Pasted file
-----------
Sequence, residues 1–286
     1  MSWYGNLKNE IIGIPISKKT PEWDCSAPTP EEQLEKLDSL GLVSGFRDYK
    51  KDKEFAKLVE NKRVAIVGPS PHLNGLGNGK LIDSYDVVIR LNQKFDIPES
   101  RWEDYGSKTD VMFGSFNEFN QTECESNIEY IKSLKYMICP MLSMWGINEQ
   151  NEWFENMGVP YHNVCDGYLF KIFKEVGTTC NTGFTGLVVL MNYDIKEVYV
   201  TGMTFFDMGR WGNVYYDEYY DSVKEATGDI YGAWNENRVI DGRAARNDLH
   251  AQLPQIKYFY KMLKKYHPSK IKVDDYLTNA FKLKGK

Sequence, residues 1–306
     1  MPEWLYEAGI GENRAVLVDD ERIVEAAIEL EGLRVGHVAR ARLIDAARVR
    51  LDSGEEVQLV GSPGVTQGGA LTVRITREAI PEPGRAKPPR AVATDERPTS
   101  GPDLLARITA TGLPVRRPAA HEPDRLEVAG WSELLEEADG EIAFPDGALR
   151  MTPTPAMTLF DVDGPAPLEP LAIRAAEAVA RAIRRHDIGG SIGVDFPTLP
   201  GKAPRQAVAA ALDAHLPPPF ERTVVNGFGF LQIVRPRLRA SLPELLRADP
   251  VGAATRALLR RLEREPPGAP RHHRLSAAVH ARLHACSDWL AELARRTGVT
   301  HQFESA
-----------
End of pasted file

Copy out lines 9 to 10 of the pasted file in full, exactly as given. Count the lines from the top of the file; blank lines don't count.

     1  MPEWLYEAGI GENRAVLVDD ERIVEAAIEL EGLRVGHVAR ARLIDAARVR
    51  LDSGEEVQLV GSPGVTQGGA LTVRITREAI PEPGRAKPPR AVATDERPTS